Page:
In operation 530, the processor of the electronic device may control the display module so that the display module displays battery information associated with the electronic device and the battery information associated with the external device. In some implementations, operation 530 may include generating power management information (for example, the power management information 312) by using the battery information, and displaying the generated power management information.

In operation 540, the processor of the electronic device may detect a user input (for example, a touch movement input on the screen as illustrated in FIG. 3) from a touch panel.

In operation 550, the processor of the electronic device may calculate an amount of power that is to be transmitted to the external device. In some implementations, the amount of power that is to be transmitted to the external device may be calculated based on a movement distance of the user input. Additionally or alternatively, the processor of the electronic device may generate additional information (for example, the information on the various ratios, the charging time, and the information on the charging direction (for example, the arrow 318) illustrated in FIG. 3) and display this information, as well.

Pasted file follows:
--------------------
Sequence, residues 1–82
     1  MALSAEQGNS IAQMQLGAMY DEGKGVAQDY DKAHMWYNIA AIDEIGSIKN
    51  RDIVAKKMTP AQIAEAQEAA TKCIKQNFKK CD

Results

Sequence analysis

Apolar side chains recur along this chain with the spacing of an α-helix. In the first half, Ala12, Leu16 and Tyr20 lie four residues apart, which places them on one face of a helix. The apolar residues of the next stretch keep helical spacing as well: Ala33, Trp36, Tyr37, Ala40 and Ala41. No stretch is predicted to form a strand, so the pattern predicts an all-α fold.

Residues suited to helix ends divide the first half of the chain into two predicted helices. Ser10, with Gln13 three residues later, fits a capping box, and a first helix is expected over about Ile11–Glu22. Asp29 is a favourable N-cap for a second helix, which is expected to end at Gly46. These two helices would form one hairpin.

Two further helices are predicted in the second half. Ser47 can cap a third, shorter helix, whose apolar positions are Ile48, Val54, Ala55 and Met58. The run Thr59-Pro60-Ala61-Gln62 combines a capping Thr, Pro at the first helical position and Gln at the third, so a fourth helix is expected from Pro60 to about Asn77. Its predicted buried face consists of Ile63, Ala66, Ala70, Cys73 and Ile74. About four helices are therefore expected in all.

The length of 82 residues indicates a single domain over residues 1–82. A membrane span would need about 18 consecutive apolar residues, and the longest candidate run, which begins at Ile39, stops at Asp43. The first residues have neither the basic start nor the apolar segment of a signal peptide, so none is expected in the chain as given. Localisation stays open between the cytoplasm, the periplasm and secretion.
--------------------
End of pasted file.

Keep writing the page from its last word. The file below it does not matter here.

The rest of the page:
In operation 560, the processor of the electronic device may control an interface to close a circuit between the electronic device and the external device, so that current can begin flowing into the external device.

In operation 560, the processor of the electronic device may display a power transmission status and begin transmitting power to the external electronic device. While power is being transmitted from the electronic device to the external device, the processor of the electronic device may decrement the charging time 316, update the image 313 b and the ratio 313 c to indicate that the residual capacity of the battery of the electronic device is decreased, and update the image 314 b and the ratio 314 c to indicate that the residual capacity of the battery of the external device is increased. In some implementations, any of the charging time 316, image 313 b, ratio 313 c, image 314 b, and ratio 314 c may be updated in real-time or near real-time.